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Adams talks jobs, taxes in teleconference
Friday, April 12, 2013
Les Adams, who is seeking to be the Republican candidate for the 16th District House seat, fielded calls on issues ranging from jobs and guns to budget cuts during a tele-town hall meeting Thursday.
Adams said more than 1,200 people were connected online to the town hall at times. Computer software provided that count, according to Reece Collins, who is working with the Adams campaign.
The approximately 40-minute town hall conference call featured three poll questions, and then the candidate took questions from six callers. Four of them identified themselves as being from Martinsville or Bassett.
One caller from Bassett said she was concerned that whenever there is talk of cutting the budget or programs, senior citizens and veterans are threatened. She asked Adams how he felt about that.
“It is obvious to me that the people we need to look out for the most are those who have given the most,” he said, adding that seniors and veterans are in that category.
He said if elected, he would look out for their interests. He also said government spending should be cut, but not in areas that affect seniors and veterans.
Adams, a Chatham attorney and small business owner, was asked by a Martinsville resident about his stand on gun rights and job creation. He responded that he is a member of the National Rifle Association.
“Keeping guns in the hands of law-abiding citizens and out of the hands of criminals is the best way to protect society,” said Adams, a former prosecutor.
He called the unemployment rate in Martinsville and Henry County “almost unbelievable,” and said private enterprise operates best with fewer regulations and lower taxes.
Another caller asked why Virginia cannot drill off its coast to boost the economy and create jobs. Adams said he was not familiar with that issue but would research it.
A Martinsville caller asked how Adams felt about the transportation package passed in the 2013 General Assembly that will raise taxes and help areas east of Interstate 95 more than this area.
Adams said he was concerned about the bill’s tax increases and cannot imagine a situation in which he would vote for such a tax increase. He added that people here need to be vigilant to make sure they get a share of the bill’s benefits.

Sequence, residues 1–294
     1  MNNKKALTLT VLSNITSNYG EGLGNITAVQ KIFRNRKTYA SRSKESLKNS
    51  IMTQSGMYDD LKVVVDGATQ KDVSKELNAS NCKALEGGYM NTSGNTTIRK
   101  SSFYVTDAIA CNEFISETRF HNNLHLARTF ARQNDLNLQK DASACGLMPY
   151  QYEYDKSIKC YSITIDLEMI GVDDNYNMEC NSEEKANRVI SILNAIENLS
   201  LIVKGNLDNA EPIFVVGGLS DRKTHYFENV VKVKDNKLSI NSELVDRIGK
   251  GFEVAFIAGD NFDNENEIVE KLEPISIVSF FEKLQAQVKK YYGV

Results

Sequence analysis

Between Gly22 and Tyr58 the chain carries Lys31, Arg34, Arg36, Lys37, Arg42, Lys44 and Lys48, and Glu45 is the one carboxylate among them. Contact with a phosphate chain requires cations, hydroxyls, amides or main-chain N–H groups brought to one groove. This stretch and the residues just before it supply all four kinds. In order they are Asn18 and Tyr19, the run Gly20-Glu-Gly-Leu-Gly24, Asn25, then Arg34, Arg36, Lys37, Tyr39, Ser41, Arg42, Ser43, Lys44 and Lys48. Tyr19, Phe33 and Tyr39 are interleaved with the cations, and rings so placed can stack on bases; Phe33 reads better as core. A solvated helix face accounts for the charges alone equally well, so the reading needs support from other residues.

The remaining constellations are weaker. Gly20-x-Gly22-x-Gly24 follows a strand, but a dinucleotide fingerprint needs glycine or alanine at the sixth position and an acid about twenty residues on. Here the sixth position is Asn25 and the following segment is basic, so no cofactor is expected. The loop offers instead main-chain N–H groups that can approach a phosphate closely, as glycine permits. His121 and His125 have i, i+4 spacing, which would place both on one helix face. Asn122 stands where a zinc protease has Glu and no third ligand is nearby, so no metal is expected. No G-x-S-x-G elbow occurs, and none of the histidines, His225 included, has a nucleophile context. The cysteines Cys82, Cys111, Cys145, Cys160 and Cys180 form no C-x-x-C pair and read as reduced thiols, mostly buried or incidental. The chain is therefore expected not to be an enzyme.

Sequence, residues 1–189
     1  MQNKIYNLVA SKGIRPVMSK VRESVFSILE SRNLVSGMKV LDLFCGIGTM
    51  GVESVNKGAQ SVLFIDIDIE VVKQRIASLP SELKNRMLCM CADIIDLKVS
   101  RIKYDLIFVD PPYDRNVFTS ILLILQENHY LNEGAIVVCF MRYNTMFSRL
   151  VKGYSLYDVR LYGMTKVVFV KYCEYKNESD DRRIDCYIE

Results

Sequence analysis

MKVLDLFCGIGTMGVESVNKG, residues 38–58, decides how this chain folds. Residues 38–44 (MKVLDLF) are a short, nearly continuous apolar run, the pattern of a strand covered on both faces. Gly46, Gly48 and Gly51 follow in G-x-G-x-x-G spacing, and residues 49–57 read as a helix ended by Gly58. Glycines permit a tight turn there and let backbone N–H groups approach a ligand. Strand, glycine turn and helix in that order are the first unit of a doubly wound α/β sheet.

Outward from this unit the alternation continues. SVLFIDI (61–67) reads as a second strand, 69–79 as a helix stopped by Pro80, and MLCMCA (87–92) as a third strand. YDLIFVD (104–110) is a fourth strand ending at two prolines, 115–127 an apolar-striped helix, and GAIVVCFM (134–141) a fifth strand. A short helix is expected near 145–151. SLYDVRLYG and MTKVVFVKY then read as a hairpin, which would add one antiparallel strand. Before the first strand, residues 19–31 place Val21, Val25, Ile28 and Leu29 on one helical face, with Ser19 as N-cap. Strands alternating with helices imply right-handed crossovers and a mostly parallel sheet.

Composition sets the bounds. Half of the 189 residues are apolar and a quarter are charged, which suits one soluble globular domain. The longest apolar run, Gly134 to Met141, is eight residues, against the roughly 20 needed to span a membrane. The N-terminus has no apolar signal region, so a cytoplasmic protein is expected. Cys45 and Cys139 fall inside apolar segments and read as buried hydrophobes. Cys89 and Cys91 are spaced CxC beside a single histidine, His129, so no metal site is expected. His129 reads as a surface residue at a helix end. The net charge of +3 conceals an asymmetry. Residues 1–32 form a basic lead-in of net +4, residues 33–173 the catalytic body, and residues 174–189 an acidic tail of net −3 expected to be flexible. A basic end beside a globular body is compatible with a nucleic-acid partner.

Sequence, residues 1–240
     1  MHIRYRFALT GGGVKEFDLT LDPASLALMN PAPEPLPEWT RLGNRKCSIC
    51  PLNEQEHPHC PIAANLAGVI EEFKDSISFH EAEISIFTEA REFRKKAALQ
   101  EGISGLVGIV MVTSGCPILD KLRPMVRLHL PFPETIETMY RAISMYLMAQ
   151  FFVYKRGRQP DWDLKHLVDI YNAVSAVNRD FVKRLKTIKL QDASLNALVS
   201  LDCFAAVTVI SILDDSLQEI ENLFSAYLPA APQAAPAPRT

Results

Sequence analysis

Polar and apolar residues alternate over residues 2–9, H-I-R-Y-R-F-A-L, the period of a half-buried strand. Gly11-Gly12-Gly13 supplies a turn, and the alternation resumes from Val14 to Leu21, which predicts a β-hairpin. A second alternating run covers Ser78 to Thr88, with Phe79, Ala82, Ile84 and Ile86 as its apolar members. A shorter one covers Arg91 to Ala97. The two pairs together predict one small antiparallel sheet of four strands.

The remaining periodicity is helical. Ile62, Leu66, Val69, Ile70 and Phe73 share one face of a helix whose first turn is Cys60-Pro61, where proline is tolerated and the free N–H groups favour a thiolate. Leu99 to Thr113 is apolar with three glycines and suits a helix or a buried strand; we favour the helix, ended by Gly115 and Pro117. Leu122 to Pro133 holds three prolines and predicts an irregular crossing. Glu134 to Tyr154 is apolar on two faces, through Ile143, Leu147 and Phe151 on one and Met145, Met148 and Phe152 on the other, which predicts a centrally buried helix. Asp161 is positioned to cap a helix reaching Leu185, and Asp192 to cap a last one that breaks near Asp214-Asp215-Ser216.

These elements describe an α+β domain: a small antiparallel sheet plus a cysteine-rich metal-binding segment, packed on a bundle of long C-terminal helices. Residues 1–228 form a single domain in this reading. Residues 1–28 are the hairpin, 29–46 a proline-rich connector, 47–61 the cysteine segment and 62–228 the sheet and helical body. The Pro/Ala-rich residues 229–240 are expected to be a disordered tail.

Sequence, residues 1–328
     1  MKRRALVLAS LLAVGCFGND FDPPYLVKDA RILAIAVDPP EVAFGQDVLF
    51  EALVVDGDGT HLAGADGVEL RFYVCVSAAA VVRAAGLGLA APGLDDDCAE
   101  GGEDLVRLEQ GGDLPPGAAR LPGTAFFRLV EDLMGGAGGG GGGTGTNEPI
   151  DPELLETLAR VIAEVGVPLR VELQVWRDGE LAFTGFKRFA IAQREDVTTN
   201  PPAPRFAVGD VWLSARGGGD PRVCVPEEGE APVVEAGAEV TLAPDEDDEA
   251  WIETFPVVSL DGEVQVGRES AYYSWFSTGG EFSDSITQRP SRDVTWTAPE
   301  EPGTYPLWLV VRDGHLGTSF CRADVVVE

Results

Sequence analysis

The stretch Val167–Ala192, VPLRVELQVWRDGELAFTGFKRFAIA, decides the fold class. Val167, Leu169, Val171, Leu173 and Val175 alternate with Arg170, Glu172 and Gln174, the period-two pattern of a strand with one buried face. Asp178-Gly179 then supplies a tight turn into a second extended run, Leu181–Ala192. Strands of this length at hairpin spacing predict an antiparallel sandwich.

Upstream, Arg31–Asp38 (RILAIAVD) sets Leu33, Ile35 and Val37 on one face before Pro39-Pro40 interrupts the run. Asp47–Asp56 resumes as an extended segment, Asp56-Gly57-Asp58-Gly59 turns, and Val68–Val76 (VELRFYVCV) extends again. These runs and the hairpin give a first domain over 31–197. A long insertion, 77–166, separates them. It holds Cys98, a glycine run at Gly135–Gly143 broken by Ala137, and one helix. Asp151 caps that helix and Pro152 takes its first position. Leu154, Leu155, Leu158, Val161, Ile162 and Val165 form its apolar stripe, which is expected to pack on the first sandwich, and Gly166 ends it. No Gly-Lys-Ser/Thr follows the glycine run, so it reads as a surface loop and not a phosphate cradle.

A Bassett woman called to ask how she could help Adams’ campaign, and he suggested she plan to vote in the June 11 Republican primary and urge others to do the same.
The final caller, who identified herself as a Chatham small business owner, asked Adams how he would continue to support small businesses. He said taxes on those businesses are too high. “I want to provide the right incentives for economic growth” to help businesses thrive and hire, he added.
The poll questions asked during the call dealt with what issue was most important to voters, whether they would vote for Adams in the primary and whether they would be willing to have his campaign sign in their yard.
After the session, Collins said jobs and the economy was the top priority issue, followed by uranium mining and then taxes and government spending.
Adams said it was coincidental that the majority of calls he answered were from Henry County and Martinsville, and he added that many people taking part in the event were from Pittsylvania County. Reece also noted that voters with Bassett addresses are in the 16th District, although actual Bassett precincts are not.
Adams is running against former Pittsylvania County economic development official Ken Bowman in the Republican primary. The winner then will run in the Nov. 5 House election.